45.7 million of the inhabitants of the U.S. are uninsured. From that figure..
6.4 million are a Medicare undercount
9.3 million are not U.S. citizens
10.1 million earn over threetimes the poverty level
5.0 million are childless adults between the ages of 18-34
That leaves 10.6 million uninsured, who will still receive treatment in cases of emergencies.
I had been meaning stay out of this. You have managed to construe my silence in one of the ways that is more unpleasant to me. I am allied with what I see as the truth, not with somebody who hasn't asked by opinion would imagine it to be.
I have no idea what the actual number of uninsured people may be today. What is clear is that there is a correlation between unemployment and insurance coverage, just as there is between unemployment and crime. If you have no job, one of the first things to go is your ability to pay your Cobra coverage. When the choice is between Cobra coverage and food or Cobra coverage and rent, a person has some hard decisions to make. They don't give you a special discount on your rates, and the amount of time you're covered on the company policy is limited. That's the way it is.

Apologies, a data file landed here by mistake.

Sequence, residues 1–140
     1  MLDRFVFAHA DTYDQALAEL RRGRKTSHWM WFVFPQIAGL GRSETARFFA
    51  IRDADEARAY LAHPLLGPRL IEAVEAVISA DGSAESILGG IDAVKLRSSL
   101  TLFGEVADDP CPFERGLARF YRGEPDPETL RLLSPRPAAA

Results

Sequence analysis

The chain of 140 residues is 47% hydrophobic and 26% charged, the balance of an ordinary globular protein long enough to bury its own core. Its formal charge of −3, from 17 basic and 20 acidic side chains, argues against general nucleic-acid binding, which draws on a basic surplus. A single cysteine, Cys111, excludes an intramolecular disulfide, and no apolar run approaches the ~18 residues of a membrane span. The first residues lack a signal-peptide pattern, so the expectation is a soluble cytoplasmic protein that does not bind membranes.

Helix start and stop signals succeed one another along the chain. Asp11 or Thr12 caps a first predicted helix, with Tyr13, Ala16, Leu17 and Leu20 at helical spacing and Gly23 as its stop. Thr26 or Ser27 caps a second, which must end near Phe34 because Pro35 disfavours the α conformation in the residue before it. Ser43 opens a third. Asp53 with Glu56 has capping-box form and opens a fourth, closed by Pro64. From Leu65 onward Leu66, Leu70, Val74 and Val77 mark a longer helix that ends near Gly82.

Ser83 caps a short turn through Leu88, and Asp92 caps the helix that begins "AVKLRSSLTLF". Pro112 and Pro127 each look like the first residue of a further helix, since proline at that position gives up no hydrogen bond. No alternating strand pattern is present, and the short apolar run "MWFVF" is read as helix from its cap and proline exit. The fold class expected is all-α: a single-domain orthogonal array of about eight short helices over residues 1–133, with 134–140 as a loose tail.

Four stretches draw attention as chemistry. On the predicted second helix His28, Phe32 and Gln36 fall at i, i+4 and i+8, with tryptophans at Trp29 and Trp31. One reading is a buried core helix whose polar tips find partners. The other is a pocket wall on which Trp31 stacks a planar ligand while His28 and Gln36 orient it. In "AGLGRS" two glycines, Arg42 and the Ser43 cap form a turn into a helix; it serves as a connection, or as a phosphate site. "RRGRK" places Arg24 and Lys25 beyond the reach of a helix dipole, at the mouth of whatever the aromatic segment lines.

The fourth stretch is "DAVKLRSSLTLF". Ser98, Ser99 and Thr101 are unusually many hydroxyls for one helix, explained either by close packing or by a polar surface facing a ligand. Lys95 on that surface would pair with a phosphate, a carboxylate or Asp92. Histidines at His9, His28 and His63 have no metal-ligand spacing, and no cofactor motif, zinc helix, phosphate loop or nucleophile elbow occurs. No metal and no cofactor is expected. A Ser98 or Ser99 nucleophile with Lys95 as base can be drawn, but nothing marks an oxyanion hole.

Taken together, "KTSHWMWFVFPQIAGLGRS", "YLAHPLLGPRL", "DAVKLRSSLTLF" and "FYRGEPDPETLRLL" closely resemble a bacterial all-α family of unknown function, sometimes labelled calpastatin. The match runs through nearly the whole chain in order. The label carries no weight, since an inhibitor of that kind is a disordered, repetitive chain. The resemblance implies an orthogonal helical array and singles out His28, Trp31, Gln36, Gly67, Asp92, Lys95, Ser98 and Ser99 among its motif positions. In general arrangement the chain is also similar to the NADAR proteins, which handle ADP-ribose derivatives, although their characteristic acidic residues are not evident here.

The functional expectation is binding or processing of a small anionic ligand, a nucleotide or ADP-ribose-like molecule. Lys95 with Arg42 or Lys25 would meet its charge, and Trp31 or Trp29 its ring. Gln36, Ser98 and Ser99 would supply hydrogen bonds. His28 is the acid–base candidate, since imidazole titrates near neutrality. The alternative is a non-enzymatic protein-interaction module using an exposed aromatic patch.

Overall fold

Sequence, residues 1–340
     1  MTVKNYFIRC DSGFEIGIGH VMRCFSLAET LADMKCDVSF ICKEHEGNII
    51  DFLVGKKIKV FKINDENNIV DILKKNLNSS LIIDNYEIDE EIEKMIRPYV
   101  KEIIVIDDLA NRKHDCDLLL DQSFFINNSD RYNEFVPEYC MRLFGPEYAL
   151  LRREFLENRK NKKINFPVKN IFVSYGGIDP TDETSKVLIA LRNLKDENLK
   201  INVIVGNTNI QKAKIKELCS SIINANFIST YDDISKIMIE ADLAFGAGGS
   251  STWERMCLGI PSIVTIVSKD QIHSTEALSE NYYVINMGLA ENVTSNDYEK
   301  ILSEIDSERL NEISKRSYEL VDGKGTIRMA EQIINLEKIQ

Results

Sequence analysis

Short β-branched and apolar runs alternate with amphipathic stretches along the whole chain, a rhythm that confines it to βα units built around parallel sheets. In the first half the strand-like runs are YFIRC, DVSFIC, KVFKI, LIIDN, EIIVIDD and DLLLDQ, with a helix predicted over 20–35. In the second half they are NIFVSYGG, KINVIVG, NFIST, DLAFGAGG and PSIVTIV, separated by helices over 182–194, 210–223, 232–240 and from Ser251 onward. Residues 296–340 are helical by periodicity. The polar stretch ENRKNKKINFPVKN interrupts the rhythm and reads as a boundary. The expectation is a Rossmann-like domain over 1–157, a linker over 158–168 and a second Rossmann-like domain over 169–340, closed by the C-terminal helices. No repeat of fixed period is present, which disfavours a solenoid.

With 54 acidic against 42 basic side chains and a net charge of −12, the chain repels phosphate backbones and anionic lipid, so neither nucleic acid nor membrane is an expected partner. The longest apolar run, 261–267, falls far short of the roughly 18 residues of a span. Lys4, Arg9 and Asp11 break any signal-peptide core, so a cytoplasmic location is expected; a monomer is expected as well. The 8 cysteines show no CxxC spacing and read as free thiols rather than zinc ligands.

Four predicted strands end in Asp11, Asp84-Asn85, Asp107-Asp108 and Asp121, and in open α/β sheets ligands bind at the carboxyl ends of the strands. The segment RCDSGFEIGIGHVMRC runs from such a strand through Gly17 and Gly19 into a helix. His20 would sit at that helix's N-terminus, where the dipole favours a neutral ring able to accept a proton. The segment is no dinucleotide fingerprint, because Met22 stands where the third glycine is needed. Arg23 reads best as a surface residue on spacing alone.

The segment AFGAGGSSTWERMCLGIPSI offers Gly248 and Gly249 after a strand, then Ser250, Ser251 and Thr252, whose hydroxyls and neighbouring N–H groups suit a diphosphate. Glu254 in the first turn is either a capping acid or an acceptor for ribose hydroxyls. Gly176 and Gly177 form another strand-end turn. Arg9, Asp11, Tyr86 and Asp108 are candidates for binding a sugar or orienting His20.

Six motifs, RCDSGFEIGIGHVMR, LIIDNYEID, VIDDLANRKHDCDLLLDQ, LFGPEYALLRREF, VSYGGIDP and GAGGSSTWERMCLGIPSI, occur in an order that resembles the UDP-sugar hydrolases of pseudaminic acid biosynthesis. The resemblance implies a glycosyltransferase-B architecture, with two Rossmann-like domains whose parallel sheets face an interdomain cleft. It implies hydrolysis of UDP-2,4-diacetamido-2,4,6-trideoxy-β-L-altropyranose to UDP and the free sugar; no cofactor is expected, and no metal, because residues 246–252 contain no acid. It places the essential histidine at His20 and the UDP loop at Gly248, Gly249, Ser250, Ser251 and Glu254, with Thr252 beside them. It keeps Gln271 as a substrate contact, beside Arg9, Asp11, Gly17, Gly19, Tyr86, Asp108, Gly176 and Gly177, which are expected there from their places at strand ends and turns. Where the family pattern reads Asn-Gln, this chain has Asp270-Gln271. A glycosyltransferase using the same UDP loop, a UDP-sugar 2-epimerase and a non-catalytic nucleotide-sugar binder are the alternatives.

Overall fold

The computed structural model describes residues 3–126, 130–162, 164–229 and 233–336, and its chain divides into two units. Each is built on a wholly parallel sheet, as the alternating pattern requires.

So, whatever the number of uninsured may have been a year ago, it's higher now, and it's growing.
I don't know what a Medicare Undercount is. Does this mean that the Bush government doesn't know the number of checks it was sending out, or that it was excluding people from medicare rolls that should have been there, but had been kept off for one reason or another that simply wasn't kosher. Having been the therapist of several folks who were shut ins or disabled schizophrenics during the Reagan era, I know first hand that this would not be the first time such tactics to reduce "entitlements" have been used. Is this possible? The very phrase is linguistically slippery.